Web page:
Sloclap’s Absolver is the kind of game I can’t wait for the public to get their hands on because I want to see what people can do with it when they have all its tools at their disposal.
While Absolver is an RPG, one with a story for those looking for a more solitary experience, the part of it I was most fascinated by when I got hands-on time with the game was when I went head-to-head against an opponent with each of us using our own, customized movesets.
The game focuses on hand-to-hand combat, but rather than define a character’s playstyle for the player, the game gives players the option to customize their own moveset, one that’s made up of several stances and potential combinations. While in any single stance players use a personalized moveset—one that transitions into another fluidly, opening up another set of attacks. The key to really taking advantage of Absolver is understanding how these moves flow into other stances and how to best tailor them to a playstyle that is most effective for gaining the upper hand in a fight.
These customization features are why Absolver‘s future is one that I’m excited to see unfold. YouTube and Twitter are filled with videos of impressive plays and tutorials in the fighting game community, but with the options players have with Absolver these can be taken a step further with fans creating new attacks and stance combinations that they’ll share online. With the right enthusiastic community of players behind it, Absolver is the kind of game I would love to see its player base really experiment with.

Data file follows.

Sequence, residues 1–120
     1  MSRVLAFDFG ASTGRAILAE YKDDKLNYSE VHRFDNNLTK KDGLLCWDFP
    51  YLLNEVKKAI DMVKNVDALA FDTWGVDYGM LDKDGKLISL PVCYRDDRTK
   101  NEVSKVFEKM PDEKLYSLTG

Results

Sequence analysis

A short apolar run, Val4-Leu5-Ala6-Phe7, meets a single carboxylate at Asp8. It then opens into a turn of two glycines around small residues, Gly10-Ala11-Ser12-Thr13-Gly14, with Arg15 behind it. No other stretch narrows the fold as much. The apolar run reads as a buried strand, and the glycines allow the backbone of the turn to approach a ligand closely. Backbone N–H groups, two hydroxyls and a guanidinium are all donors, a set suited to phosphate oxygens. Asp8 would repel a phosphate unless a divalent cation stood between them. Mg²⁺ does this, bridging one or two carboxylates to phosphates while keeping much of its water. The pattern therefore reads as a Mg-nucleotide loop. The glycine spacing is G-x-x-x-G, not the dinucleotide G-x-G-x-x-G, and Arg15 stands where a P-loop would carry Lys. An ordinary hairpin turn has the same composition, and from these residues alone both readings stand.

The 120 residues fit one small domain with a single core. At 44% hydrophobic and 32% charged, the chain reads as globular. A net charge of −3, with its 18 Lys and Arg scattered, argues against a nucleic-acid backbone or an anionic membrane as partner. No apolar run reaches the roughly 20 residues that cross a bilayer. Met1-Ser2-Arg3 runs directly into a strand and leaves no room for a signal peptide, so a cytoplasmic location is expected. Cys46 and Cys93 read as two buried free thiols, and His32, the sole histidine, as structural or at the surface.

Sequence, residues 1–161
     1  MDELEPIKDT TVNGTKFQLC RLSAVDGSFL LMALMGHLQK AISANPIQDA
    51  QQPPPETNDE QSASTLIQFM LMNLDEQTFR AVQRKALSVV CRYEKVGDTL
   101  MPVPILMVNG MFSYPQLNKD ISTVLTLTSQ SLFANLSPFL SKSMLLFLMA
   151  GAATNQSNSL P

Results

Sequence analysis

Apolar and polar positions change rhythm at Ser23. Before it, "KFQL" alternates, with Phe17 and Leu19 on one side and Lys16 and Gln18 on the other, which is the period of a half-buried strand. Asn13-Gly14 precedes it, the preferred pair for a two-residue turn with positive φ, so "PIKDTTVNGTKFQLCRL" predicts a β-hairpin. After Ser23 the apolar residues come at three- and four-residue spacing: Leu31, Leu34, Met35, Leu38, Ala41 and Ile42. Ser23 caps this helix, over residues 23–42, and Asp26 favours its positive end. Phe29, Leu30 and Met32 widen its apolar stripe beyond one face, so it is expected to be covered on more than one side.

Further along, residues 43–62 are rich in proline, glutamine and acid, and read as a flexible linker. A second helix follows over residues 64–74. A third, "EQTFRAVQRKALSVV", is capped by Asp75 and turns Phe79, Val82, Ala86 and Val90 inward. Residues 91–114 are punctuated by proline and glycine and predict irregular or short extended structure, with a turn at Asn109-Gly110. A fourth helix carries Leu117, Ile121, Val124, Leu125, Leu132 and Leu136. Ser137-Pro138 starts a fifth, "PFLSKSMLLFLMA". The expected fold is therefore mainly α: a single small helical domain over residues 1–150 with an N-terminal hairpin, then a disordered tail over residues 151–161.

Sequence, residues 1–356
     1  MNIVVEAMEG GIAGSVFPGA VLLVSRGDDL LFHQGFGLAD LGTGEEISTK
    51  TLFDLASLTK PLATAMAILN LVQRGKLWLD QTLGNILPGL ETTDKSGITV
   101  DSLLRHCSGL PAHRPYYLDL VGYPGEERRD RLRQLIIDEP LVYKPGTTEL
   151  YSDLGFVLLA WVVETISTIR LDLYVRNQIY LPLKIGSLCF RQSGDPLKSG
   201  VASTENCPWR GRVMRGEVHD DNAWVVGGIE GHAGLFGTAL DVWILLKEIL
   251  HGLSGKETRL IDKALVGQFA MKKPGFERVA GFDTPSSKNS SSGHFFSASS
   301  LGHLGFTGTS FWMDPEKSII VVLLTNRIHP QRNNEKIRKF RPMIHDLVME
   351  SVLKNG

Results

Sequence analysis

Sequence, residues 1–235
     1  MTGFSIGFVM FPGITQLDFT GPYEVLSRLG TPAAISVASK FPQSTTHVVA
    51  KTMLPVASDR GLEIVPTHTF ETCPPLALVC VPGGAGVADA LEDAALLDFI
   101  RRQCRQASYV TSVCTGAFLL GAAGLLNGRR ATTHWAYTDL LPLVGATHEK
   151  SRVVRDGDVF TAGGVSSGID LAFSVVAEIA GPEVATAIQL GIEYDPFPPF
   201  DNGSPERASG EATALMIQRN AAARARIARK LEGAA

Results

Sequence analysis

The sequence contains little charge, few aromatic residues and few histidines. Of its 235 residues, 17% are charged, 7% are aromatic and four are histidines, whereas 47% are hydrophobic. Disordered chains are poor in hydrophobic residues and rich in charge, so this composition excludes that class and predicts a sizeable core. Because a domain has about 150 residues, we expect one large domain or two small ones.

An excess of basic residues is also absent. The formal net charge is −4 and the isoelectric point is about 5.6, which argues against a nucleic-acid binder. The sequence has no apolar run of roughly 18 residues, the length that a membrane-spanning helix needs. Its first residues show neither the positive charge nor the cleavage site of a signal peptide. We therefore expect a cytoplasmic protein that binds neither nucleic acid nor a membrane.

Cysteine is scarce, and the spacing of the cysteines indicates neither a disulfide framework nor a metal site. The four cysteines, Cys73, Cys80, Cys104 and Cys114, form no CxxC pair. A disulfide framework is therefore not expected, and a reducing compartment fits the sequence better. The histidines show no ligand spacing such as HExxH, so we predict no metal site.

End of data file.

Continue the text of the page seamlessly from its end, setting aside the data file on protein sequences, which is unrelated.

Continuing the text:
Even beyond seeing these original movesets shared, the competitive possibilities are also incredibly enticing. In a game like Street Fighter or Tekken, seasoned players tend to have an idea of what to expect each time they play against a certain character because they’re pre-defined and established. This isn’t the case for Absolver, and it means that a competitive player is going to have to be far more adaptable because they’re not going to have an idea of what’s coming.
This was something I experienced first hand when, at the end of the demo, I was set up against an opponent and we got to pit our individual loadouts and strategies against one another. I may have lost the fight, but I saw the fruits of my labour when my attacks caught him off guard and learning how to best use them on the fly won me a round.
Whether Absolver can live up to all my wildest dreams is yet to be seen, but when I played it I could only imagine the many possibilities a game with modifiable movesets had to offer. The RPG may have a single player campaign that lays the foundation for its multiplayer, but I want to see what the public can do when the tools of its customization options are laid out before them.